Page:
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Culture / Newsy

The Loss of a Pet and the Need to Grieve

Ways to Help Your Friend Recover from the Death of a Furry Loved One

BY Tripp Carter // 08.22.17

I grew up, from kindergarten to college, with family pets. These dogs and cats were much more than merely animals – they could be described as family members. Each had a unique personality, but they all possessed some intangible quality that made me feel safe and comfortable. It never got easier to say goodbye when they passed away.

The nature of humanity gives us an unparalleled perspective among all of Earth’s creatures. We have the ability to build strong relationships with the awareness that those relationships will come to an end. Our connection to animals is no different than that of other humans because we spend years, even decades, with a loyal and sympathetic companion

When dealing with loss, we all have our own methods of coping. Regardless of the circumstances or preferences, there are a few steps you, as a friend, can take to help someone handle the loss of a pet.

First and foremost, be available to your friend who just lost a beloved animal. The worst feeling any person can experience is reaching out to somebody who is not there. If you were unavailable when first contacted, make every effort to get in touch with and visit the grieving friend. This helps validate their feelings and make them feel appreciated

In the time that you spend with them, I strongly urge remembering the pet with your loved one. This reminiscence should be to celebrate the joy the pet brought to you, your friend and others. If there are any pictures or videos of the pet, get them out and fondly remember the times that were spent together.

The entire grieving process regarding a pet is difficult. It is important, however, to encourage your friend to get back into a normal routine. There is no benefit for a person to hole himself or herself up at home and avoid the outside world. In fact, these behaviors often spawn depression. You need to be proactive in encouraging your friend’s routine activities and leisurely hobbies to find that normalcy in life again.

The time you spend with a friend in mourning can also incorporate more than his or her daily activities. I have witnessed amazing recovery within grief-stricken pet owners when they volunteer at a local rescue shelter. In this regard, you are not asking your friend to replace the pet, but you are getting them to care for another animal in need, which is greatly therapeutic.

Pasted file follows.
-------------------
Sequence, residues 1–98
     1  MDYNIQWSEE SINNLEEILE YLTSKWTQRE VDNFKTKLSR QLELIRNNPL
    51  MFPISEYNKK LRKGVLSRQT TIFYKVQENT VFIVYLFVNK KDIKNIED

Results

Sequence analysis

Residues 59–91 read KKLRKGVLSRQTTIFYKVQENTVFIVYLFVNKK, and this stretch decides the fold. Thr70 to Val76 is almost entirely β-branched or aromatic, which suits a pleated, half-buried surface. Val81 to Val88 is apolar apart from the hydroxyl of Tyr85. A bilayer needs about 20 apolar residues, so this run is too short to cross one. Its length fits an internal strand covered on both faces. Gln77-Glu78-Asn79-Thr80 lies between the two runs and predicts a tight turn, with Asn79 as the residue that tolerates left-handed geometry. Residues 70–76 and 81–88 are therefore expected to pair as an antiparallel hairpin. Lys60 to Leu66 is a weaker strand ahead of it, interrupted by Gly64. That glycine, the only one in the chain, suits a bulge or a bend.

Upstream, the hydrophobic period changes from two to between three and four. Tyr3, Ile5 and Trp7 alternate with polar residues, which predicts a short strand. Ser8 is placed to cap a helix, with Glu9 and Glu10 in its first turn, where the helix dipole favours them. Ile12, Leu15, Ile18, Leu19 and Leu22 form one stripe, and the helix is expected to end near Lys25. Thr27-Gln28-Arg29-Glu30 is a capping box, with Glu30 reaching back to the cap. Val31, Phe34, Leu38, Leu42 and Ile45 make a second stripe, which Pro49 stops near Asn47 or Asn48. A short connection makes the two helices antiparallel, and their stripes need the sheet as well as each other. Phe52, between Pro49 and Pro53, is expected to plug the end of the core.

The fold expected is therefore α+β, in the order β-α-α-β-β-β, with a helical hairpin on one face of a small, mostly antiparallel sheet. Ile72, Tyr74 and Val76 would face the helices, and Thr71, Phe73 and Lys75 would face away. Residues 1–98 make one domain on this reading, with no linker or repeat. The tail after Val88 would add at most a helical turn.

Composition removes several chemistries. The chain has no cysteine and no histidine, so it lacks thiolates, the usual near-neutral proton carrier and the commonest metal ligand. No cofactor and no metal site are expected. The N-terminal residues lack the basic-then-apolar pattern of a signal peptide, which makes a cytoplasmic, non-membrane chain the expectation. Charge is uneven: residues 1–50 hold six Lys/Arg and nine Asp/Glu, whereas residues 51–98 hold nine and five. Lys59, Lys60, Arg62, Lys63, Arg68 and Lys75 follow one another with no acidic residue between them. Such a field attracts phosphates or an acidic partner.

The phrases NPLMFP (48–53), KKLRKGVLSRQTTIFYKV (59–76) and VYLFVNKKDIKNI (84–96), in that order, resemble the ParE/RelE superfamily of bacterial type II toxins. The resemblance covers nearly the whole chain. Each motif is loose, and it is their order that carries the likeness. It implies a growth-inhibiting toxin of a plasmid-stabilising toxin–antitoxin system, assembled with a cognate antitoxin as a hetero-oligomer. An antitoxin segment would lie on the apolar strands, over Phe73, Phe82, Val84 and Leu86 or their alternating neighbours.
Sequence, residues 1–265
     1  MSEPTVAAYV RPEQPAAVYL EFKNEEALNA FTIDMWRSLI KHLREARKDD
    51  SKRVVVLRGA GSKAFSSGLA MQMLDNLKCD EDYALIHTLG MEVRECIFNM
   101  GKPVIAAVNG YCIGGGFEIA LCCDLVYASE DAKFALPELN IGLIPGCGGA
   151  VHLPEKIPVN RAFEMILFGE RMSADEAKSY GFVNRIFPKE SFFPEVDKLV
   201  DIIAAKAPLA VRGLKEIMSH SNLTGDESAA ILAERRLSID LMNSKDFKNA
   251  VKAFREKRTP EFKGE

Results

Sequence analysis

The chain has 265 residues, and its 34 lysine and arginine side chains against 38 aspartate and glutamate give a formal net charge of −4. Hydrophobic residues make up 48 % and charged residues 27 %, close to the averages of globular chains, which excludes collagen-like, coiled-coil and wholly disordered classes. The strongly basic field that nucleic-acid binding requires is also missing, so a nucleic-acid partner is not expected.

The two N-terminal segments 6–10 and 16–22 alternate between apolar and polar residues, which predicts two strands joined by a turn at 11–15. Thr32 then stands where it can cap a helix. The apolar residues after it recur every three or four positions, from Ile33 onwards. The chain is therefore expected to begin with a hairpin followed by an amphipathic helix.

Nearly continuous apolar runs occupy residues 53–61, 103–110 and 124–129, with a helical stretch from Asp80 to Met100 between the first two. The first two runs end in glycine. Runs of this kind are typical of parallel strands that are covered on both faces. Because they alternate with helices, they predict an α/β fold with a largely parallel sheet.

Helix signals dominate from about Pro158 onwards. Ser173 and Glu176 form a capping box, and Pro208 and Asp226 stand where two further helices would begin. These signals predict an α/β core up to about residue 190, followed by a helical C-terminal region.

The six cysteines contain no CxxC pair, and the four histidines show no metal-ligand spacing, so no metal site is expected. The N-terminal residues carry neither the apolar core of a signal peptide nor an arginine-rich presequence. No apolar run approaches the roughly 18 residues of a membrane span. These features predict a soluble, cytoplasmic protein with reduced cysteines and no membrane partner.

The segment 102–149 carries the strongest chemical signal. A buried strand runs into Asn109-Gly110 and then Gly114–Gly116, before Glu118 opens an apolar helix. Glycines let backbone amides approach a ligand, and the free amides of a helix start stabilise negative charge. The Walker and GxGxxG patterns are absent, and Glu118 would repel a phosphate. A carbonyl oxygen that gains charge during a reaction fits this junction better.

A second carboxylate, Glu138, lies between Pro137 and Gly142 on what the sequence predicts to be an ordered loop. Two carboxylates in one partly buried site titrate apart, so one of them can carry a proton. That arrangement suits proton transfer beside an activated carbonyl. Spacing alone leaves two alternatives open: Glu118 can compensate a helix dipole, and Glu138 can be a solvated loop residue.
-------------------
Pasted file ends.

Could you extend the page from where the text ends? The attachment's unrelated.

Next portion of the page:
The Healing Power of Volunteering

During the grieving process, we all feel helpless. However, the feeling does not necessitate that we become helpless. From the ASPCA to the Humane Society to thousands of local shelters, there are plenty of opportunities to become a part of a solution for protecting animals. By encouraging your friend, you have empowered him or her to do something valuable that immerses them in a caring environment among animals

The volunteer work affords opportunities to interact with both new animals and new people. Providing quality companionship will help encourage someone in mourning to push forward and not allow grief to overcome their tenacity. In the process of volunteering, many volunteers are shocked by the skills they employed and the achievements they could boast as a result.

Michael “Tripp” Carter is the co-founder of Houston’s most prominent funeral home, and an advocate for funeral services that provide warmth, support, and compassion for families during their time of bereavement. His Bradshaw-Carter funeral home exemplifies elegance and style, mirroring the sophistication of the services offered within. Carter champions beauty as an antidote to sorrow, and works to ensure that the funeral home provides support to all who need it — not just the city’s elite. Additionally, Carter is the author of “Ask Tripp,” a popular column that appears every Sunday in the Houston Chronicle. More information is available at bradshawcarter.com.

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